The governor said he plans to call lawmakers into a special session in July to addresses several issues, including police accountability and expanding access to absentee ballots.
This comes after the Connecticut Senate Democratic Caucus announced proposals Friday, on Juneteenth, to address police accountability and systemic racial inequities.
They said the proposals are intended to reform criminal justice and police accountability policies, provide more economic opportunities, address educational inequality, reform health care, and address housing, the environment and access to voting.
“I plan on calling the General Assembly into special session during the month of July to address the issues of police accountability and expanding access to absentee ballots. There’s still more that we need to do in addition to those issues to address the complex and difficult problems of racial and economic inequality. I look forward to working with legislators and other stakeholders on those issues during the next regular session,” Gov. Ned Lamont said in a statement.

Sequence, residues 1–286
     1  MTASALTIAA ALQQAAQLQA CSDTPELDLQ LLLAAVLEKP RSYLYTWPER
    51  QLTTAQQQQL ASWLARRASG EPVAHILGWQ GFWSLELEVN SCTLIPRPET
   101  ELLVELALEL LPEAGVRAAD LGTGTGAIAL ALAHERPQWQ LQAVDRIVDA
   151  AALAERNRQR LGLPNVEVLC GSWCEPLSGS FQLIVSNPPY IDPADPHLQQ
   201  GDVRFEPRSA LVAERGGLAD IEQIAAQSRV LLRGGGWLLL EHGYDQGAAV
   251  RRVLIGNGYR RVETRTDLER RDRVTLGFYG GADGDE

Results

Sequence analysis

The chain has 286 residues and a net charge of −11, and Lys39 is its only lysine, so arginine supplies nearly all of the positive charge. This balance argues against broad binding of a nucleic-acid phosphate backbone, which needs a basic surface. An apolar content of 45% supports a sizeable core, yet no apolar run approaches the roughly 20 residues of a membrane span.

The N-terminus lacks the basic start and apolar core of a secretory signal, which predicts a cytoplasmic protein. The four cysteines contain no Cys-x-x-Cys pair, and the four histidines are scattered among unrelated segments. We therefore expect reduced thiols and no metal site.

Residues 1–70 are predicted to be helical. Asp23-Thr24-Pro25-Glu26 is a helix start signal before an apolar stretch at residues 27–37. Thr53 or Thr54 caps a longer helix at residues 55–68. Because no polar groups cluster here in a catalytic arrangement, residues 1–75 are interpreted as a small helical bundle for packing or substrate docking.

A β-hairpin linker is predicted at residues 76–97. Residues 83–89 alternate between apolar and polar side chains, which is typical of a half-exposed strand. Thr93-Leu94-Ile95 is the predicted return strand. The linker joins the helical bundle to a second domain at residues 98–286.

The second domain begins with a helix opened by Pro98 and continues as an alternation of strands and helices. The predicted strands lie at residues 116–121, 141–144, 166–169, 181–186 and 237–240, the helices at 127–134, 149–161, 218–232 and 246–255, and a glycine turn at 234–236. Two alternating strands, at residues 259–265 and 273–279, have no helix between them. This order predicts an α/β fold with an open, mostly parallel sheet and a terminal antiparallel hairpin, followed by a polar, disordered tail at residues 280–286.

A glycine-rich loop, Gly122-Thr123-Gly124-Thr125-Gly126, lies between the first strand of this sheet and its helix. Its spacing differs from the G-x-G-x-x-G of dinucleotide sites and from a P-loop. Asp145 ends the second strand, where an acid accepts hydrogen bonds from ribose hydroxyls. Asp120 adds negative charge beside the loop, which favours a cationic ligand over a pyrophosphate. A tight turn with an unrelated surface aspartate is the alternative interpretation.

Senate Democrats said they also had a Black Lives Matter flag flown above the State Capitol for the first time to recognize the movement and the holiday, which marks the end of slavery in the United States.
One of the proposals is to establish Juneteenth, June 19, as a state holiday.
Juneteenth commemorates June 19, 1865, when Gen. Gordon Granger led Union troops to Galveston, Texas to make the announcement that the Civil War was over and enslaved people were free, two and a half years after the enactment of the Emancipation Proclamation.
“Our message to the people of Connecticut is simple: we hear you and we will take action,” Senate President Pro Tempore Martin M. Looney (D-New Haven) said in a statement. “There are moments in our history that pass us by and there are moments that turn into movements. We will not let the voices on our town greens and our streets be ignored and we will ensure this movement transforms the laws and policies of Connecticut.”
On June 11, Senate Republicans issued a statement on police accountability reforms and said they hope all lawmakers and members of the public can come together to “have conversations about ideas related to not only police accountability, but also other deep and complex issues such as health equity.”